There are many times you may need statistics for your research papers. Maybe you need to know the number of unemployed Americans during the Great Depression, or how many shipments of tea the British merchant fleet transported in the 1700s. The resources in this section can help you find these facts.
Historical Statistics of the United States--data on topics ranging from migration and health to crime and the Confederate States of America. Fully searchable, this resource permits users to graph individual tables and create customized tables and spreadsheets reflecting their own particular areas of interest.
Statistical Abstract--a great starting point for statistics for the United States and the rest of the world, includes political military, economic, social data. Goes back to the 1800s.
International Financial Statistics--offers estimates on population, balance of payments, trade, prices, labor, and other financial data for most countries, in some cases back to 1948.
World Development Indicators Online--provides financial data, in many cases as far back as 1960, about the economic and social development of most nations. Includes GDP, trade, agriculture, industry, interest payments, literacy rate, unemployment, military expenditures, education, population.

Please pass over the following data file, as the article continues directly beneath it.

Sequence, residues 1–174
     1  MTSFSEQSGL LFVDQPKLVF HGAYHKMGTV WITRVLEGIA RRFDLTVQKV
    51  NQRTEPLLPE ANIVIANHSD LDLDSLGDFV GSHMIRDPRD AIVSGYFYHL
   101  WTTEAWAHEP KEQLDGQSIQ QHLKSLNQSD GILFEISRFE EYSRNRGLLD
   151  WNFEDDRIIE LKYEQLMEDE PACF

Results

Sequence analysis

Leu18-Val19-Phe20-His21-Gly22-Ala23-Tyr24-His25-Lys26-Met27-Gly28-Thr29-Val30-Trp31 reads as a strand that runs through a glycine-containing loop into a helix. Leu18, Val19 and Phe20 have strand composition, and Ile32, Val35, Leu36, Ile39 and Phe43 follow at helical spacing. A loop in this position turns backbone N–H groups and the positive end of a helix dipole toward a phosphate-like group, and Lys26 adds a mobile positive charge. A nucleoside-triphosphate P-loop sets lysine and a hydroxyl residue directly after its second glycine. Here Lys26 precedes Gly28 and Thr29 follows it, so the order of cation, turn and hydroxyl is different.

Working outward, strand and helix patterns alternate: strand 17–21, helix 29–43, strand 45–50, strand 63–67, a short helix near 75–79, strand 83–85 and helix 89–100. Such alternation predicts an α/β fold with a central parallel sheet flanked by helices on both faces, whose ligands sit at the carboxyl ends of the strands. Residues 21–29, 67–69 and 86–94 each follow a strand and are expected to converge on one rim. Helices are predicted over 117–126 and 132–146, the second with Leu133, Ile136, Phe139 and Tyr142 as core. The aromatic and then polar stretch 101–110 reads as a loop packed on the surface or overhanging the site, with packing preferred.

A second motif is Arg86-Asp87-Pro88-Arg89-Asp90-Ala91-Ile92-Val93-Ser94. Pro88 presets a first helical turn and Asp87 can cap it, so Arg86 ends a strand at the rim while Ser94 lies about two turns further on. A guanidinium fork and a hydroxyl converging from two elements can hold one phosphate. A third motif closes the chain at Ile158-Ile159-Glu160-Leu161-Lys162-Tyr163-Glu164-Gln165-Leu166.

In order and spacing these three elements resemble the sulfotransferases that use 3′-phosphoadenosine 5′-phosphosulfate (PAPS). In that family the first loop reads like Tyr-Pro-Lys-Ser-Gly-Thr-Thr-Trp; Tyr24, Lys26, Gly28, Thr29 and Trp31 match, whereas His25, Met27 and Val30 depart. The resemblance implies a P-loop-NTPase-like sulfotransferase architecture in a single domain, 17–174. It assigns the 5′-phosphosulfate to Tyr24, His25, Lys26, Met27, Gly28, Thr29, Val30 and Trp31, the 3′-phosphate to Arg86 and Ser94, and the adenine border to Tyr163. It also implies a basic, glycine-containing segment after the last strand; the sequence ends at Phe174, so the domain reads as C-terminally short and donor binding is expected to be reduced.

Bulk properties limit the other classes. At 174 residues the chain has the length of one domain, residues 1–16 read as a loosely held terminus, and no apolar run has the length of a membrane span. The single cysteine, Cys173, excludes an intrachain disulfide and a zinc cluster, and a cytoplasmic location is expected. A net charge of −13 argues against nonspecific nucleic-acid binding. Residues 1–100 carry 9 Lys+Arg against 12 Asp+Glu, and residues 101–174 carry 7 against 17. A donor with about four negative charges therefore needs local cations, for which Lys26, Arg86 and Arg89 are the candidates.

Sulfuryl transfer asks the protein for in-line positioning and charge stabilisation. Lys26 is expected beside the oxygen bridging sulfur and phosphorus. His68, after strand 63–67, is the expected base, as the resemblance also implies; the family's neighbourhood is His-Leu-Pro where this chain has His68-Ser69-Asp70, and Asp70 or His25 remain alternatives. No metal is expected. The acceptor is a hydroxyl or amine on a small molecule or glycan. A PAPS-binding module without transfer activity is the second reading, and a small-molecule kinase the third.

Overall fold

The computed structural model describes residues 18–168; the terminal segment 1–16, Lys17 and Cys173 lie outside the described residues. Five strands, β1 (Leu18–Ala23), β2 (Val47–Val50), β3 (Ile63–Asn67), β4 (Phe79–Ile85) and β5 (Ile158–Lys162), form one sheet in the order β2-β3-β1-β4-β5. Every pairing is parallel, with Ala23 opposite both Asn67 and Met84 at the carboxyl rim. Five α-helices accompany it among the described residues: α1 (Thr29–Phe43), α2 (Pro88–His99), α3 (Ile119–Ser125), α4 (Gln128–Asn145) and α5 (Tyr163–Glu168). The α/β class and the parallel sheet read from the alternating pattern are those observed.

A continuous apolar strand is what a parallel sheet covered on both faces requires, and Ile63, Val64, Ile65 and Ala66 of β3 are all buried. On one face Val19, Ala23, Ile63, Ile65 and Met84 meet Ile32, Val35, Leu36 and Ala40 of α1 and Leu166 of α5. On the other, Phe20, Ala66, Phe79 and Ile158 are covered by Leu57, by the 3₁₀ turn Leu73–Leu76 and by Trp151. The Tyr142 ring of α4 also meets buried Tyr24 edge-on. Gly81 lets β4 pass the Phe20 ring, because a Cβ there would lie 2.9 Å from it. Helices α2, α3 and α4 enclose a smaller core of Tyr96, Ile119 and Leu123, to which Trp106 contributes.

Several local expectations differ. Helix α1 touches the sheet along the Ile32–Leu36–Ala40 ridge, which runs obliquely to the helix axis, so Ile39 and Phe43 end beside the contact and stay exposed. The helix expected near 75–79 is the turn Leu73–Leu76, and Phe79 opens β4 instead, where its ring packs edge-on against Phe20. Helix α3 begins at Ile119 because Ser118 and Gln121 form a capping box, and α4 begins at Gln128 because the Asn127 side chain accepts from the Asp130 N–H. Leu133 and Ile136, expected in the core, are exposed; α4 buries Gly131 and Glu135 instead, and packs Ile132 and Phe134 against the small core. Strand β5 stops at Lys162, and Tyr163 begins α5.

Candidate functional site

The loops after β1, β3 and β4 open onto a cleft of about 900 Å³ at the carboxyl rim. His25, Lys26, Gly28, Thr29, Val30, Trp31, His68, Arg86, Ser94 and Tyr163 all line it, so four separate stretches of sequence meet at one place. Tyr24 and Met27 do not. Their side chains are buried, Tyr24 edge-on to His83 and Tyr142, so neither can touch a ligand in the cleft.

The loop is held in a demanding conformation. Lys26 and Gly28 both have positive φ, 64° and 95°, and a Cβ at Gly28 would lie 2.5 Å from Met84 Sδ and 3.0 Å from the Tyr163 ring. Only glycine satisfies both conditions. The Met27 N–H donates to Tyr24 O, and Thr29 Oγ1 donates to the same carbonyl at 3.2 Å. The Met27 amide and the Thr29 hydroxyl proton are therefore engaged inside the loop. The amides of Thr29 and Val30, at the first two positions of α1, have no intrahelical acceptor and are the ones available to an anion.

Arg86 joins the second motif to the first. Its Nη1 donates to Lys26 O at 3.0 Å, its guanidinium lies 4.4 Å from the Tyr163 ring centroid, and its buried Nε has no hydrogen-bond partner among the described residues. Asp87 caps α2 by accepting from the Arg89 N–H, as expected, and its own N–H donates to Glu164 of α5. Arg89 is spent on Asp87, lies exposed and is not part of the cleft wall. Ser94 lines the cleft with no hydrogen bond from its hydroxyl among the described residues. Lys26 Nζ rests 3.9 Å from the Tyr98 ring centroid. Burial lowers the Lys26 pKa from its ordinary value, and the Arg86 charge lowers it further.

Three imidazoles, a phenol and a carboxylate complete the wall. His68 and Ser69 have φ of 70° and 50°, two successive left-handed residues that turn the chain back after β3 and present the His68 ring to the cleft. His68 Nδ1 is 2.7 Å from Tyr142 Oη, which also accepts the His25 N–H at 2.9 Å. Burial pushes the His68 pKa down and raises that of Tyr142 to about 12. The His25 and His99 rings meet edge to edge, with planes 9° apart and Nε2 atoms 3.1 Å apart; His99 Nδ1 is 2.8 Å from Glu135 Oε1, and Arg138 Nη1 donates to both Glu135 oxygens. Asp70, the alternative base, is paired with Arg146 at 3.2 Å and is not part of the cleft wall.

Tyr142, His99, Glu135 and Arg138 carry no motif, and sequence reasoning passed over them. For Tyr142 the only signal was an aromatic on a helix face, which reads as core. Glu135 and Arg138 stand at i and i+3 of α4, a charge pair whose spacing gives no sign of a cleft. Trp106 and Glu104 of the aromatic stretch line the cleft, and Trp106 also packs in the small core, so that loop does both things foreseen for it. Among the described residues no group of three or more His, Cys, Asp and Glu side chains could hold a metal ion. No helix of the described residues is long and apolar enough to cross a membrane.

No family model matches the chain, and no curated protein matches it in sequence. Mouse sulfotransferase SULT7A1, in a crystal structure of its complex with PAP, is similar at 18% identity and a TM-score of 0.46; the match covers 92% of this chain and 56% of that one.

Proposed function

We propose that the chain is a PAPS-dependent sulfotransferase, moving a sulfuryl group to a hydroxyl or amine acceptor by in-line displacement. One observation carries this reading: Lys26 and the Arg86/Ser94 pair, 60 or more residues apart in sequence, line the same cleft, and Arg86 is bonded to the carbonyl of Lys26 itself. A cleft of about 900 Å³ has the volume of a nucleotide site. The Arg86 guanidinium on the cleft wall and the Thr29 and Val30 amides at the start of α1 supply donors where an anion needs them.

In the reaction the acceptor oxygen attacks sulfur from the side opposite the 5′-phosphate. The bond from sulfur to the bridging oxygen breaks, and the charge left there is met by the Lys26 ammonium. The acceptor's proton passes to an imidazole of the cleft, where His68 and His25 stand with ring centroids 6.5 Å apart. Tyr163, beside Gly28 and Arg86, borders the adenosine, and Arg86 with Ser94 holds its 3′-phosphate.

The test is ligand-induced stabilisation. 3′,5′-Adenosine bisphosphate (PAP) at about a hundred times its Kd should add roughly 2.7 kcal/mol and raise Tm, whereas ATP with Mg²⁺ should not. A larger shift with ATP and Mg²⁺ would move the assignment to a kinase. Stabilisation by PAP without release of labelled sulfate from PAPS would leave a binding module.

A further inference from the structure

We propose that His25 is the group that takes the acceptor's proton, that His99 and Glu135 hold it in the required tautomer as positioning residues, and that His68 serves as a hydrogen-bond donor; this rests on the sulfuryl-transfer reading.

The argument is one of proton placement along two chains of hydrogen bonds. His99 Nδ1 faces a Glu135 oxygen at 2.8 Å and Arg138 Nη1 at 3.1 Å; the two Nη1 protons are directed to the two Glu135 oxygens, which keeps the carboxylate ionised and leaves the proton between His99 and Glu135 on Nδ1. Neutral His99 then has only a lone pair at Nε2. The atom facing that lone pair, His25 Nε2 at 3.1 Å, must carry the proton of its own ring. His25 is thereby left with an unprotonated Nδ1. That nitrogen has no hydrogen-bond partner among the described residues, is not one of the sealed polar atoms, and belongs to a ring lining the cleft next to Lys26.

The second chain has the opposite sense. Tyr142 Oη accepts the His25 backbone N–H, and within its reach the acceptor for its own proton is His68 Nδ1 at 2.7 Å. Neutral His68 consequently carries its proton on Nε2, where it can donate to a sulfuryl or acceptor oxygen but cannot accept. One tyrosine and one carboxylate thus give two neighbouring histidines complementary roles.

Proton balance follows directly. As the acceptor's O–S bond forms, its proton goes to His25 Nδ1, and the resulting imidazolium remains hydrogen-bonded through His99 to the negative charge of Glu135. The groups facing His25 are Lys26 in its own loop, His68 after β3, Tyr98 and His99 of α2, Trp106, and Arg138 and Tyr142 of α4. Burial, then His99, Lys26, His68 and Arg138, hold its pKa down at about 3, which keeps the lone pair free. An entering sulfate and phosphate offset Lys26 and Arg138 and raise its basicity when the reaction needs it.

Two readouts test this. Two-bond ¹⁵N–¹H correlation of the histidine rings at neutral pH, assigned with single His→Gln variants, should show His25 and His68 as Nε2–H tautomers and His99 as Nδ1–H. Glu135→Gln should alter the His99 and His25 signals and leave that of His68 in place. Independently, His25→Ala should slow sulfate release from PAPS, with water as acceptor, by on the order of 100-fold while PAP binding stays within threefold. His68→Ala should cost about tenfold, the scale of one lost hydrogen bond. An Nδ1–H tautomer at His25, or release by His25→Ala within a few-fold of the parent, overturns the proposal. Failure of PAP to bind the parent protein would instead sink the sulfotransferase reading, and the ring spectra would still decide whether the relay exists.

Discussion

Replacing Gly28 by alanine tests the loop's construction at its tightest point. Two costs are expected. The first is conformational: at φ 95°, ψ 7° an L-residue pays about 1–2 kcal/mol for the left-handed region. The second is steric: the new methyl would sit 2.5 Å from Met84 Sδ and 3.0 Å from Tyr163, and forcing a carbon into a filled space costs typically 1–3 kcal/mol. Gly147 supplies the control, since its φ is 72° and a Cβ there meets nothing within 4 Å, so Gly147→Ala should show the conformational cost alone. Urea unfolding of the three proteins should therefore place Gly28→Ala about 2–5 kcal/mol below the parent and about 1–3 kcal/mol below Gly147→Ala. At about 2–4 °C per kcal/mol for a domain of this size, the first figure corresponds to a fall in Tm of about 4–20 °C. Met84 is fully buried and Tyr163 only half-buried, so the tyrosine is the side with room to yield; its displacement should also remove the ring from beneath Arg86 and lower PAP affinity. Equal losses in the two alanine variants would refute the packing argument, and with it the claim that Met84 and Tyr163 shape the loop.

The internet is also a wonderful source of statistics—as long as the publisher of those statistics is credible. Here's a few tips:
>You can use Google Images creatively to find charts, graphs, and other figures. For example, try "Great Depression" unemployment charts.
>When typing your search into Google, you can also use two periods between date ranges to help limit your search. For example, Venezuela oil production 1940..2010 finds sites that track Venezuelan oil production between 1940 and 2010.
>Wolfram|Alpha is a search engine that specializes in stats.
Historians use the terms "quanto-history" and "cliometrics" to describe the intensive use of statistics in historical research and writing. Using computer applications like SPSS and Microsoft Excel, historians can cull statistics from primary records, and repackage them into charts that reveal trends.
You can find historians' arguments for and against the use of statistical methods through this list in Google Books. One provocative book that critiques the use of statistics in historical research is Jacques Barzun's Clio and the Doctors.
Office of the Clerk U.S. House of Representatives-(1920-present) has collected and published the official vote counts for federal elections from the official sources among the various states and territories. Breakdowns by district.
Atlas of U. S. Presidential Elections--data on all Presidential elections.
American Presidency Project: Presidential Election Data --electoral and popular vote results from 1789 to the present.